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TODD RUNDGREN Reissues Edsel (2011)

Todd Rundgren

Although perhaps a guilty pleasure in the UK for far too many years, Rundgren's stock has risen here in recent times with tours and gigs, most recently a three-night residency at the Jazz Café in London.

Todd's back catalogue has suffered more than most from interminable recycling and it could be argued that with these Edsel reissues - part of a campaign - definitive versions are upon us. More than anything this is an excellent way of catching up on the Runt, from the very first album of that name released in 1970.

The casual listener may find these albums patchy and Rundgren joked recently that his 'greatest hits' would only take up 20 minutes or so of a concert. This is of course a massive understatement especially if you define the term 'hits' more widely. However the experimental and psychedelic nature of his early output, and not least the somewhat period recording quality, could easily alienate those of a less stern disposition.

The reissues are comprehensive affairs with thick booklets, lyrics, and notes extracted from Paul Myers' definitive biography.

Runt comes with the alternate mixes re-pressing released in November 1970. The songsmanship owing something to Carole King and Laura Nyro, but there is a peek at what is to come - at least in terms of Utopia - with the 9 minute 'Birthday Carol.' whilst 'I'm In The Clique' with its brassy notes has a touch of the Zappa in its zany psychedelic-ness. ***

Runt. The Ballad Of Todd Rundgren includes some bonus radio broadcasts recorded in June 1971 and is closer still to the spirit of Carole King: 'A Long Time, A Long Way To Go' is spooky in its King-like phrasing whilst the ballads like 'Wailing Wall' and 'Remember Me' are rather appealing ***½

Todd RundgrenTwo 'solo' albums in and 1972's Something /Anything is generally regarded as Rundgren's seventies masterpiece and his biggest commercial success. This is his 'McCartney' (Macca's solo album in 1970) where he performed all the instruments across four sides of vinyl. Some cynics/critics might cry plagiarism, not least in its Beatlesque and Beach Boy flavours.

A vertitable tour de force, the album contained such gems as 'I Saw The Light', 'It Wouldn't Have Made Any Difference' (also included here in demo form) and a re-working of 'Hello It's Me', and if the jam is spread too thinly at times it was still a major achievement. Tracks like 'Sweeter Memories' and 'You Left Me Sore' are seemingly effortless in execution but little gems nevertheless and easily overlooked. Some contemporary radio promos complete this reissue. ****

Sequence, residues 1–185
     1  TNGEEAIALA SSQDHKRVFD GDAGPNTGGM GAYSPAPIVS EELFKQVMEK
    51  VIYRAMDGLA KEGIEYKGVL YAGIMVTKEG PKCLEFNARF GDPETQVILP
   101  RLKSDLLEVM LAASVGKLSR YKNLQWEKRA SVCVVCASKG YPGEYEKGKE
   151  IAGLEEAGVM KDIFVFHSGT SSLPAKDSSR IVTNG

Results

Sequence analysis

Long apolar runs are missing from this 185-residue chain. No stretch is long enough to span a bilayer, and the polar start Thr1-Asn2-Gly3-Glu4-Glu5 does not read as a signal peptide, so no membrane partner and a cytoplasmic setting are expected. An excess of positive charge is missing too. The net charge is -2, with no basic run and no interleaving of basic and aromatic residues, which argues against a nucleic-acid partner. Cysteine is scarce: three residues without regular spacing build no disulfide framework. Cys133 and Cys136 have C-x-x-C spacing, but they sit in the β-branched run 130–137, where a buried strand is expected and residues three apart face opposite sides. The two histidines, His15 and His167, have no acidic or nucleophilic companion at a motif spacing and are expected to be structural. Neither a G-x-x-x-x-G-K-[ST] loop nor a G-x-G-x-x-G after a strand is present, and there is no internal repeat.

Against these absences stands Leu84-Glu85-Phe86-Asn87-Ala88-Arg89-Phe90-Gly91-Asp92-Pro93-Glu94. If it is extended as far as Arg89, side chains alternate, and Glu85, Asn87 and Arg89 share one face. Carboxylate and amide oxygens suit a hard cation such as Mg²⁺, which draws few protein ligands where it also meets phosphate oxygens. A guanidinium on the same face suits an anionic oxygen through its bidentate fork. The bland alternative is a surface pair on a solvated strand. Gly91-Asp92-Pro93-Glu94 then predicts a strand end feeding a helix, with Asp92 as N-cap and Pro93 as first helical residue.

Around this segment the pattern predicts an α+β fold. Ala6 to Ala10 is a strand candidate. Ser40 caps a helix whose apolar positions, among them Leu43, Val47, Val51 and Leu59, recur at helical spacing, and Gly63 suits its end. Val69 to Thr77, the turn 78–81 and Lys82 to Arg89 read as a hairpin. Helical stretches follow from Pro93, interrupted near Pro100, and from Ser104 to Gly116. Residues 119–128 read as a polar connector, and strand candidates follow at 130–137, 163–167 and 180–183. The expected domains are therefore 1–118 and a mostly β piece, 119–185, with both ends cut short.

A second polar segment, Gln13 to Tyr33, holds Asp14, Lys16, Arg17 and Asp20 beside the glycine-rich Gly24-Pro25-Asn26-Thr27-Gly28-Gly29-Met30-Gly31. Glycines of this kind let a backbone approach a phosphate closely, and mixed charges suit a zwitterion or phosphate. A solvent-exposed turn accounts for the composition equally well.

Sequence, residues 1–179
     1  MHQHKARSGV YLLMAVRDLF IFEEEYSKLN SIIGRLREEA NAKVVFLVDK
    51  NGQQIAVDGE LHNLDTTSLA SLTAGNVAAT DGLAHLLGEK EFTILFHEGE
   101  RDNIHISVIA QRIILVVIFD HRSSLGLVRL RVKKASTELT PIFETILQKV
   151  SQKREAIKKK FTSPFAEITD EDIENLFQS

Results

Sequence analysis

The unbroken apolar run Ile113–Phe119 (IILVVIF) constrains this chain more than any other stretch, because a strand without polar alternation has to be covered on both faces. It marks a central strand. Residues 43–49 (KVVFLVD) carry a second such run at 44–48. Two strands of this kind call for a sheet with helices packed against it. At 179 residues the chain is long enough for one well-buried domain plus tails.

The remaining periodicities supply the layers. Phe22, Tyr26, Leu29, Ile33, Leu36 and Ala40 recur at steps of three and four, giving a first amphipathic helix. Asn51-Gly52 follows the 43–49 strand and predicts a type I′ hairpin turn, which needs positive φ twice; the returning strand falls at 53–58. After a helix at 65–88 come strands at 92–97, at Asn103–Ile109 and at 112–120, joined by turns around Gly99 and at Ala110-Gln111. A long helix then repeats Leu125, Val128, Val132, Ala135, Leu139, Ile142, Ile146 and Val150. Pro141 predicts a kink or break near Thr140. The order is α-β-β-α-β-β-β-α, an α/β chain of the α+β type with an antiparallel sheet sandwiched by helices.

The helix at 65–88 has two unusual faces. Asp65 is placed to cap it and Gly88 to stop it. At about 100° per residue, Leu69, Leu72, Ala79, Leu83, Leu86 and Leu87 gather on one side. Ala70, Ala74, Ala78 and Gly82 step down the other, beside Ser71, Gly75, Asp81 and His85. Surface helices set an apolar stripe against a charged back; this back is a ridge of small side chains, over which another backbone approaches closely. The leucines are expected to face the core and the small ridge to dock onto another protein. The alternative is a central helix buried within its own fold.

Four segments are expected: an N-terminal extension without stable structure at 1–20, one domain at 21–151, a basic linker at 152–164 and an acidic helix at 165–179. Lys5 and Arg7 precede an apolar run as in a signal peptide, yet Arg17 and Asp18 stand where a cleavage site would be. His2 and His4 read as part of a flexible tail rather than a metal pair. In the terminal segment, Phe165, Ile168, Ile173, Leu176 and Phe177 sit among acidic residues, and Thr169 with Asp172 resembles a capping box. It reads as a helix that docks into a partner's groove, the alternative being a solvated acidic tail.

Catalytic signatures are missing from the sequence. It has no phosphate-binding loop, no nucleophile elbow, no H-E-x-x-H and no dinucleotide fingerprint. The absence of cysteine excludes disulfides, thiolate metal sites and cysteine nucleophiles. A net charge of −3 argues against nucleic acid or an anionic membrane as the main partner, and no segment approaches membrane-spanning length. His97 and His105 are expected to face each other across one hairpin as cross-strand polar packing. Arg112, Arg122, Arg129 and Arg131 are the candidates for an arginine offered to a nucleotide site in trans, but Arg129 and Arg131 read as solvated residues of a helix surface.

1973's A Wizard, A True Star may now seem like a heady period brew which distillated Rundgren's Zappa-esque humour and R&B penchant with a frankly drug-stupor induced hue. Lord knows what the label moguls must have thought when Rundgren delivered this album and with 'When The Shit Hits The Fan' Todd may well have anticipated their misgivings about an album with no singles. But the final song 'Just One Victory' - long a live favourite - and the 10 minute medley point to the man's ever-present Philly-soul leanings. ***

Todd (1974) saw Rundgren experiment more with synthesisers freely mixing the prog rock he expanded on the Utopia debut and his soul-flavoured ballads. The Zappa-esque comedy returns with 'An Elpee's Worth Of Toons' which may be as relevant now as it was back in the seventies with Rundgren riling the music business. But the album does include the exquisite 'Dream Goes On Forever' and 'The Last Ride' - supplying respite from the more overblown 'Everybody's Going To Heaven/King King Reggae' and 'Heavy Metal Kids'. Bonus tracks include a radio session from 1971 and two live tracks recorded in 1974. ***

Todd Rundgren Initiation, released in 1975, had the honour of being - at the time - the longest album ever on one piece of vinyl, clocking in at 68 minutes. The original album came with a note suggesting the listener transfer the LP to cassette tape if the volume levels were too low.

But by the epic 35 minute 'A Treatise On Cosmic Fire' you may wonder if those stretched grooves are completely well spent. This is a synthesiser-led instrumental which at times sounds like a long-forgotten concert intro tape, at other times - notably 'Dance Of Kundalini' - giving a peek into Rundgren's underrated guitar creativity. Roger Powell had joined Rundgren in Utopia and features on this album together with luminaries Dave Sanborn, Edgar Winter and Rick Derringer. Only 'Real Man' remains wholly accessible to the casual listener. ***

Faithful in 1976 allowed Rundgren to regress ten years and pay tribute to some of his earliest influences: amongst them the Yardbirds, Beatles and Hendrix. The tribute was tempered with some new tracks too not least 'Love Of The Common People'. A bonus track 'Open My Eyes' was recorded live in August 1975. ***

Whilst none of these reissues falls under the *** rating, the uninitiated may find many hard going and merely want to cherry pick the most accessible tracks which invariably were the singles. Overall, though, Edsel have done an excellent job of repackaging and have given all these albums a new lease of life.

Review by David Randall

Edsel Reissues 2

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***** Out of this world | **** Pretty damn fine |
*** OK, approach with caution unless you are a fan |
** Instant bargain bin fodder | * Ugly. Just ugly

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